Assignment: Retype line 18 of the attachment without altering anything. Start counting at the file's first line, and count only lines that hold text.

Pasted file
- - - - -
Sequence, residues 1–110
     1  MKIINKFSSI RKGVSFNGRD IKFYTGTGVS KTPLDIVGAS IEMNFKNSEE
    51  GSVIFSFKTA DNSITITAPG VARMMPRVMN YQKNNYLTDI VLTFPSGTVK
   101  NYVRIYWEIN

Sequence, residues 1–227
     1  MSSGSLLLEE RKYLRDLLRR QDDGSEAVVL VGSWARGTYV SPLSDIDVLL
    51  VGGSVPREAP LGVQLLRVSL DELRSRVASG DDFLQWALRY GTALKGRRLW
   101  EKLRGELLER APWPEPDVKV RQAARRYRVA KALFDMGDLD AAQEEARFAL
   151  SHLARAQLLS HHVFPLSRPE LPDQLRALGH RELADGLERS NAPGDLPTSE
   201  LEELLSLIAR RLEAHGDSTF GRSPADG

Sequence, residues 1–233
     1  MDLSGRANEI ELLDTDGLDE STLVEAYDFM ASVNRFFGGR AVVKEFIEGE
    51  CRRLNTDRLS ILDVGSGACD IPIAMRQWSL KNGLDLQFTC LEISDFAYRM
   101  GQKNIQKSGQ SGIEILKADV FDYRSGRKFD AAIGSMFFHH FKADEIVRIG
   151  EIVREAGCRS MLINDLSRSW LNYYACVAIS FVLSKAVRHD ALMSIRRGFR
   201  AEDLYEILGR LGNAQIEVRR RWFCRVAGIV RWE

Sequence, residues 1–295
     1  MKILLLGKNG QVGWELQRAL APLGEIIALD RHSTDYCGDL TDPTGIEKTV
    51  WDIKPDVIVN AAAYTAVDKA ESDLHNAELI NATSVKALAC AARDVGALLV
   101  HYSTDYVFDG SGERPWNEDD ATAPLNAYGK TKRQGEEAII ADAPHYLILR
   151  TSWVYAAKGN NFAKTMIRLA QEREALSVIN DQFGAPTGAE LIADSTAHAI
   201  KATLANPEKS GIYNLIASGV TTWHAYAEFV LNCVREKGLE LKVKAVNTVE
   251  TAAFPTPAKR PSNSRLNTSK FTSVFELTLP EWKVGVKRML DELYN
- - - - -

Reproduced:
     1  MKILLLGKNG QVGWELQRAL APLGEIIALD RHSTDYCGDL TDPTGIEKTV